He considers Ratzinger "a kind man and an outstanding neighbor - one cannot imagine a better one." Ratzinger always took part in family events for Rupert, his wife Therese and their three children, and "he spoke to us about every possible topic." Except, that is, "I withdraw from any discussion of spiritual matters, and he knows it."

According to Hofbauer, Chico was "totally attached to the Pope." He would wait for him to come back from Mass, and once he arrived, he would quickly go over to his house. The cat always sensed that Ratzinger was unusually cat-friendly.

Hofbauer is not only Ratzinger's neigbor, but since 1977, his house custodian. While he is talking to us, a car is driving slowly past the Pope's driveway. Two elderly ladies and a man inside the car are pointing to Hofbauer and teh house. Chico scoots out of the way.

"A car once almost ran over him," Hofbauer explains. "Since then, he is very careful - when he hears one, he gets out of the way." And he will, too, when the Pope arrives in his convoy.

"But when he sees the Pope, then he will surely come right out." Hofbauer is sure of this.

Hofbauer walks through the Pope's front garden, to a beehive which has stood there for years. "He thought that was good, because he knows what bees need, and he likes bees as well."

According to honey connoisseurs, the honey harvest in this year of the papal visit will be especially good. "We have already gathered 35 pounds. On September 13, much of that will be going to Rome," Hofbauer says. "It's the Pope's honey, after all."

Hofbauer and his wife have been preparing the Pope's house for the visit for months. They went over details with the Pope during a five-hour meeting with the Pope in December.

Since then, they have both been busy. Apprentices have rebuilt the fence, repaved the terrace and replanted the garden.

Hofbauer says the rosebushes have been carefully pruned so that they will bloom by September - roses are the Pope's favorite flowers.

He points to a fountain in the middle of the garden. "We will put up a Madonna there, but only shortly before the Pope arrives. We don't want it to be stolen."

Until the beginning of September, a lot remains to be done. To begin with, a general housecleaning. And a new sign at the doorbell must be placed to read "Pope Benedict" instead of "Professor Ratzinger."

Beside the doorbell is the house number 9. Actually, the house is on Bergstrasse 6. Hofbauer takes the number, turns it upside down and attaches it properly.

"Now, that's better," he says. "Someone was playing a trick here. Well, once in a while, these things happen."

[Modificato da TERESA BENEDETTA 17/08/2006 4.51]

00Thursday, August 17, 2006 5:42 AM
In www.firstthings.com/onthesquare/?p=402
contributor Robert T. Miller, who teaches law at Villanova University, has this to say

August 16, 2006
On August 1, I criticized Pope Benedict XVI’s call for a ceasefire in the conflict between Israel and Hezbollah in Lebanon. Since then, he has granted an interview to some German journalists in anticipation of his upcoming trip to Bavaria.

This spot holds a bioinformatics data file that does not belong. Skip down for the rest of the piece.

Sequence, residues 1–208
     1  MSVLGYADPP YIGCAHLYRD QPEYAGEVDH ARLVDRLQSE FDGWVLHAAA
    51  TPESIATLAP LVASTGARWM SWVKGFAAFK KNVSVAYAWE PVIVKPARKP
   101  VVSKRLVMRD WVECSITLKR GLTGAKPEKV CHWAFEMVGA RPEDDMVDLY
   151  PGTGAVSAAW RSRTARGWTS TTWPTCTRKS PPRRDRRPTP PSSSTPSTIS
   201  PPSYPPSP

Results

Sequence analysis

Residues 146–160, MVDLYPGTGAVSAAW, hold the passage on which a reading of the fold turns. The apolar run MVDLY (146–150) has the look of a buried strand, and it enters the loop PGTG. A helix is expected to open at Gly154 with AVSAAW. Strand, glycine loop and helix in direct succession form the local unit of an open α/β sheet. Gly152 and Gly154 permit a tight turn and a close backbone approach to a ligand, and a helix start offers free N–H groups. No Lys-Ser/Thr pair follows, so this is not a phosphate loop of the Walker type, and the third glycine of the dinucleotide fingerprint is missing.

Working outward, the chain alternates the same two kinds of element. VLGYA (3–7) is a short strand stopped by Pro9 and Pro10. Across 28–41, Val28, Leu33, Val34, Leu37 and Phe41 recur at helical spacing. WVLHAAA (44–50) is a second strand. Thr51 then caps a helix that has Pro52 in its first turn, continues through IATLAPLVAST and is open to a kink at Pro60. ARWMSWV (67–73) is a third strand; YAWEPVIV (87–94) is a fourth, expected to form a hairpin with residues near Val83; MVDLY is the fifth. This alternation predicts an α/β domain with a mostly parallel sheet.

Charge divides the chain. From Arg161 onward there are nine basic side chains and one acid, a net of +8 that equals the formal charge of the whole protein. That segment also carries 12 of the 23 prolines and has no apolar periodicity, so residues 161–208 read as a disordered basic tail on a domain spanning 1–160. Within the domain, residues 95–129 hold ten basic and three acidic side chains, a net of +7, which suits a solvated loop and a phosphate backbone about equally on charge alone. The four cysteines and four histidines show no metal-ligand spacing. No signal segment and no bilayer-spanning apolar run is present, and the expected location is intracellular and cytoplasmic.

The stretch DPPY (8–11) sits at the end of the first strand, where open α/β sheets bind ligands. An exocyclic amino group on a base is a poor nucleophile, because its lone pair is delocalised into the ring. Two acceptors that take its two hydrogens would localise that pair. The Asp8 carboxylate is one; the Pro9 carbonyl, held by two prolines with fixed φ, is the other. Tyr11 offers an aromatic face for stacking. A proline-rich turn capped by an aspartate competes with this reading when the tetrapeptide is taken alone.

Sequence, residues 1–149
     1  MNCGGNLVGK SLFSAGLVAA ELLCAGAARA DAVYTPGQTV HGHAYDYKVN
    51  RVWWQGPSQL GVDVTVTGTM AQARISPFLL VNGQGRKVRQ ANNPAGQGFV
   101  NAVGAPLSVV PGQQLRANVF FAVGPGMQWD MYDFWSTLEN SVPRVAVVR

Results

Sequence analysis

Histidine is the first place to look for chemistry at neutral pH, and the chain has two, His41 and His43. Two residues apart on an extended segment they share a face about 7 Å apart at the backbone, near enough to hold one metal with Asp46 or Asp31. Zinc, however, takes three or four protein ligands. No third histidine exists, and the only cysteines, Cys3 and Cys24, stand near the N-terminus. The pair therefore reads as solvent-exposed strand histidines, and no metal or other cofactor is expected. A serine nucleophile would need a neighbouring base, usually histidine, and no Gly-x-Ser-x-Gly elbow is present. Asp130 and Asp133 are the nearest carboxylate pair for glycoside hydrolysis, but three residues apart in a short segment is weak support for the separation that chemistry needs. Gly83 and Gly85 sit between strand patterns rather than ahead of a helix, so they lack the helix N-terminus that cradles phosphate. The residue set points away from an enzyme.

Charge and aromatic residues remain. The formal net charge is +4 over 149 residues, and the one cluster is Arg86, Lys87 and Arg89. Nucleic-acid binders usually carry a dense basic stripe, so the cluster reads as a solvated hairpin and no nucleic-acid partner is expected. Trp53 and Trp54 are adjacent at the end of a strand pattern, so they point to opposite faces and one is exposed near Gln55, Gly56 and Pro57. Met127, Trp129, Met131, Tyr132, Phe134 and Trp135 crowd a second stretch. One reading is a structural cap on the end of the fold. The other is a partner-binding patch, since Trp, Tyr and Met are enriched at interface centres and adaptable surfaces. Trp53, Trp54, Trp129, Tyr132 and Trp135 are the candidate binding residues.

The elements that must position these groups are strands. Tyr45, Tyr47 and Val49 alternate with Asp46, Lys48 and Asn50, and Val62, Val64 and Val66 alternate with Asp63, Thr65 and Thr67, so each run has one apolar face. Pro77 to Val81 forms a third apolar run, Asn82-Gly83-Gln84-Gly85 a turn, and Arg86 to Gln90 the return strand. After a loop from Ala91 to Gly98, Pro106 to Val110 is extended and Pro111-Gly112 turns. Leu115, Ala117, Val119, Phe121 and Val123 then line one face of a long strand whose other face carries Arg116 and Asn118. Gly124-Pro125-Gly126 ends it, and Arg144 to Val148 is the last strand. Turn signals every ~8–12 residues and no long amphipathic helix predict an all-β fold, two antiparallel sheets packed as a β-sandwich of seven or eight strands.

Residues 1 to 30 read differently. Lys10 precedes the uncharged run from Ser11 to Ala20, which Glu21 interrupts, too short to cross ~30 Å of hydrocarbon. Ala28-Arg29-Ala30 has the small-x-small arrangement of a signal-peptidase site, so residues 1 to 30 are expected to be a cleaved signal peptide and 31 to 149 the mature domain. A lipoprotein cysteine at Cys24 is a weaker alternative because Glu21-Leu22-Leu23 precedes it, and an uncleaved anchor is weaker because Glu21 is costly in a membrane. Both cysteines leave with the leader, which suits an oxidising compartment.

Asked about the fighting in the Middle East, he said in part:
"We do want to appeal to all Christians and to all those who feel touched by the words of the Holy See, to help mobilize all the forces that recognize how war is the worst solution for all sides. It brings no good to anyone, not even to the apparent victors. We understand this very well in Europe, after the two world wars."

I find it difficult to understand how the pope says this. Along with many others, I often invoke the Second World War as the paradigm example of a just war, of a case where morality not only permitted but required the use of armed force in order to combat evil.

But here Benedict, expressly mentioning the world wars, says that they brought no good to anyone.

No good to Elie Wiesel, and all the other prisoners liberated from Buchenwald?

No good to the peoples of France, Belgium, Denmark, the Netherlands, Norway, and others saved from Nazi domination? No good to the Poles and other Slavs, destined to slavery to support the Third Reich?

No good to the young Joseph Ratzinger, who, freed from service in the Wehrmacht, was able to enter seminary, study theology, become a priest and a professor, and live to become pope?
[Teresa's comment: This question is out of place here - The war did not have to happen for Joseph Ratzinger to become a priest!]

As it stands, this statement from Benedict is unsupportable. All serious people know that war is a terrible reality to be avoided whenever possible, and Benedict should certainly say this. But he is also a great theologian, well able to make moral distinctions. He ought not make statements that can so easily be understood as endorsing a dangerously naive pacifism that is incompatible with the Catholic moral tradition.

Mark P. Shea in "Catholic and Enjoying It' says -

I basically agree with Miller...though I'd like more context to what the Holy Father is saying.